Thursday, October 4, 2012

Still Speechless

I don't really have much to say lately.  Samson is hanging in there, and I am still taking things one day at a time.  I have been researching EPM with a frenzy, and am looking into a new drug that is being used in clinical trials - so far with a very high success rate.  I discussed the option with one of my veterinarians yesterday, and he is consulting with the vet/PhD in charge of the trial to learn more about the possibility.  In the meantime, I find myself submitting the poor guy to endless scrutinizing, amateur neurological exams, and lots of tearful hugs.

He hasn't been quite himself the last few days.  It isn't horrible, but his general attitude is markedly depressed from what it typically is.  It started the day we trailered to the vet for the follow-up, and I have this sinking feeling haunting me that maybe the stress of the ride induced a flare-up, if he is indeed EPM positive.  Clinically, he is remaining pretty solid - vitals have been normal for over a week, appetite is fantastic - on paper, he looks pretty good.  His last round of bloodwork showed an elevated white blood cell count, so it has gone to the opposite extreme.  I am a little worried that it showed an increase, although I am curious to see if it had anything to do with his catheter site reaction.  He developed a lump the size of a grape at the base of the catheter, so it was pulled at the last vet appointment.  We are now doing hot compresses and DMSO, which helped at first - but the inflammation has remained stagnant the past two days. 

Tonight will be his last dose of the antibiotic, and then his immune system will be depended on to do the rest.  The next round of bloodwork will be done most likely on Monday to see if there has been any resolution in his white count.

I am uneasy.  I have this unsettled feeling because of his overall attitude; and I don't know what to make of it.  I'm not sure if it is a flare-up of EPM or what is going on - but something is causing him to act withdrawn all of a sudden.  The only time I see him act like himself is at feeding time - that is something that NEVER changes!  :-)

On a side note - I entered my favorite picture of us in a photo contest the Dover holds.  You don't have to do anything, other than click a "vote" button.  You can vote once a day for the next week and a half, til the contest ends.  I would truly appreciate anyone who might be willing to take the time to vote - Dover has a pharmacy that carries one of the EPM medications in consideration for his treatment - and every penny helps.

Tuesday, October 2, 2012

Three Letters You Never Want to Hear in a Diagnosis....


Also known as Equine Protozoal Myeloencephalitis.  Sadly, it's a disease I have encountered before.  As a matter of fact, the first horse I ever saw put down suffered from EPM.  "Curtain", short for Curtain Call, was an older Thoroughbred at Robin's farm in Iowa, where I had my first job as a working student.  He was diagnosed somewhere around seven, after having two falls cross country - one in which his rider's leg was broken.  Over the years, the disease slowly progressed and attacked his neurological function.  He eventually sucumbed to colic, and it saved everyone from having to make the decision of whether he would make it through another tough Iowa winter.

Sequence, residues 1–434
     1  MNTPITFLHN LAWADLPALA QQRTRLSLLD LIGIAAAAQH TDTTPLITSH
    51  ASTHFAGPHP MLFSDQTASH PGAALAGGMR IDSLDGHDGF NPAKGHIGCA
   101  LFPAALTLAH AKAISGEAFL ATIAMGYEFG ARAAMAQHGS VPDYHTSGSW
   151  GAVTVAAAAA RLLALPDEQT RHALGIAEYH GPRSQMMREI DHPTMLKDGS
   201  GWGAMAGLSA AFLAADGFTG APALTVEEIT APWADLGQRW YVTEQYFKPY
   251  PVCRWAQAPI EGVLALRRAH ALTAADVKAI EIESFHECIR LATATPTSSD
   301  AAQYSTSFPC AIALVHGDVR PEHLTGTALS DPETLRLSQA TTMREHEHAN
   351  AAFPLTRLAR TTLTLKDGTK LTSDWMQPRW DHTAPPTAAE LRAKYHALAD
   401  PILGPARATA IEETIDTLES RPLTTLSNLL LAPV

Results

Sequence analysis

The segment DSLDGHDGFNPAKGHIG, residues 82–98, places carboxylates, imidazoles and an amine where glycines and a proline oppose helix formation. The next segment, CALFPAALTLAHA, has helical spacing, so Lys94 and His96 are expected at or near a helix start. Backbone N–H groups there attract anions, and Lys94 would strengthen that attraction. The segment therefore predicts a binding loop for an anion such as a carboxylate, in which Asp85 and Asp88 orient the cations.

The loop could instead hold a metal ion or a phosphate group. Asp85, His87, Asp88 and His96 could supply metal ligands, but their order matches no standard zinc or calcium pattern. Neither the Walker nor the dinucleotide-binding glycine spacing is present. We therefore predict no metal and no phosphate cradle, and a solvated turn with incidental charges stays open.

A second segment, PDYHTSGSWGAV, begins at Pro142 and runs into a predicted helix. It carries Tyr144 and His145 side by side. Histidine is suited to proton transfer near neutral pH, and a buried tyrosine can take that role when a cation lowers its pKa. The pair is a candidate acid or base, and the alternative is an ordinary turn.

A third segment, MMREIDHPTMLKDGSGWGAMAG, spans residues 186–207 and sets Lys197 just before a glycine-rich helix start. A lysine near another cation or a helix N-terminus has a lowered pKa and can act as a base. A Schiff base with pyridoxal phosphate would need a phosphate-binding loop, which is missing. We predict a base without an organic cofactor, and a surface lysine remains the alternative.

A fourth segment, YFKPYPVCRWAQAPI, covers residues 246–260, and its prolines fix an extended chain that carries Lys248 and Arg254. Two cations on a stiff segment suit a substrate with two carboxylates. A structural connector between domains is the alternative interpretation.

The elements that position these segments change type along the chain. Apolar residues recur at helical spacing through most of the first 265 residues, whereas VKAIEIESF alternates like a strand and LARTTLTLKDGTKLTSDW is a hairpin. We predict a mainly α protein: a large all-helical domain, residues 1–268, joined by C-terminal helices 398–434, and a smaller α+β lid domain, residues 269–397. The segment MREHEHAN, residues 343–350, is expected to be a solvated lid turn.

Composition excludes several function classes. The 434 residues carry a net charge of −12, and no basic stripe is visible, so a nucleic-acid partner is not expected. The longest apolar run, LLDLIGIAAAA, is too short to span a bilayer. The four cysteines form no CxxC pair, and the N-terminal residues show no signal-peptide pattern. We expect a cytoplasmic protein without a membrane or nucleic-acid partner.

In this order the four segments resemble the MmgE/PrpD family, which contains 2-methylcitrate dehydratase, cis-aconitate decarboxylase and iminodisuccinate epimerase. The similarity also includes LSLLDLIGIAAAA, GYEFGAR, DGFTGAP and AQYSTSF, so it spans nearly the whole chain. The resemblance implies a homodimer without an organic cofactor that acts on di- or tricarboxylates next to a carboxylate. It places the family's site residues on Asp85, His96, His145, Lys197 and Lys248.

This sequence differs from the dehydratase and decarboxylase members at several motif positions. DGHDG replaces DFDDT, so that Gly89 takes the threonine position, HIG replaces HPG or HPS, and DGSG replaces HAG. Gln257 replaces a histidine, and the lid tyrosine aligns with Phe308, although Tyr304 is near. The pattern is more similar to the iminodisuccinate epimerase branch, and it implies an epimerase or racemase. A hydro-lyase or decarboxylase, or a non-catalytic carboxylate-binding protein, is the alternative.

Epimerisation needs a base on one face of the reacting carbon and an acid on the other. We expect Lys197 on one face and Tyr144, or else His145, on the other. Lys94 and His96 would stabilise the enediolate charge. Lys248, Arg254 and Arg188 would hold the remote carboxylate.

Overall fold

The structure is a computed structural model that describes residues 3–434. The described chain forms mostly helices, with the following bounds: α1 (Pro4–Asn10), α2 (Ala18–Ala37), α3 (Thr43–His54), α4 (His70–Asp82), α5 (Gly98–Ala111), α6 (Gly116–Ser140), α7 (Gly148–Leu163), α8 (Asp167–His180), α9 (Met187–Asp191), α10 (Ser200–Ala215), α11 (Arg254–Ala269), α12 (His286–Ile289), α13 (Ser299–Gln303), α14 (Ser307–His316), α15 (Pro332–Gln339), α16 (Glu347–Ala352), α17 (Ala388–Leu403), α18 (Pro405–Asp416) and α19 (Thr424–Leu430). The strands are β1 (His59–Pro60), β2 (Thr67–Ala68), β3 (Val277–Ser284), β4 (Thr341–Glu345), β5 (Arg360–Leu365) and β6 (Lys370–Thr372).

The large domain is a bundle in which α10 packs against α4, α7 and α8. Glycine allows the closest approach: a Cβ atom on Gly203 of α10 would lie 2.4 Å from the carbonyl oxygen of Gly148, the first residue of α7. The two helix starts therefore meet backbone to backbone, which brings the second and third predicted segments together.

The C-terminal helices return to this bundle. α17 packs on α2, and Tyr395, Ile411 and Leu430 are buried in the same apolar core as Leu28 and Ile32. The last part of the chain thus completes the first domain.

That was the last time I encountered an EPM horse.  Until this morning, when I received a voicemail that Samson's titer results were back.  The vets at NC State decided to send it off after he exhibited some obvious ataxia after his seizure-like episode.  I didn't hesitate to let them send off the test, especially since he has a long history of being "wonky" - he has always had a bizarre unsoundness that could never quite be pinpointed.  In all honesty, EPM and Lyme disease have always piqued my curiousity, because either diagnosis would explain a lot of his weird symptoms over the past year.  So I let them send the test.  Then I proceeded to more or less forget about the whole thing, since I have been buried in the constant bustle of checking vitals, administering medications, trailering to follow-up's been an endless stream of one thing after another, which I have gratefully accepted simply because he is still HERE.

But back to the voicemail.  The attending veterinarian left me a message that the panel had come back with a greater than 95% chance that he is EPM positive. 

All of a sudden, the cloudy feeling of doom I have been dragging around all day seemed to make sense.  Have you ever woken up just KNOWING things weren't going to go well?  I woke up with that feeling this morning.  Did my best to shake it, and then three hours later, the phone call comes.

I know it isn't the end of the world.  I really, honestly know that.  It is a fairly treatable disease.  But it's not cheap.  At this point, I feel like I am in so deep I don't know how to get out anymore.  I also feel like my poor boy has so many strikes against him at this point, it's just a matter of a ticking clock.  The instability in his feet that could shift at any point and cause a debilitating lameness; the EPM we have to decide whether or not to treat...How could I not treat?  I have watched a horse succumb to neurological disease.  It isn't pretty.  I don't know that I could watch my heart horse fight that kind of battle. 

I have already made the decision to fight for this guy - mainly because he keeps showing the will to fight on.  So I suppose the only obvious choice is to take this in stride with the rest of the problems that face us.  I just feel like this poor guy can't catch a break, and I wish I could just make it all go away for him.  All I can do is continue to make the best decisions possible for him.  And hope and pray that I will know when enough is enough.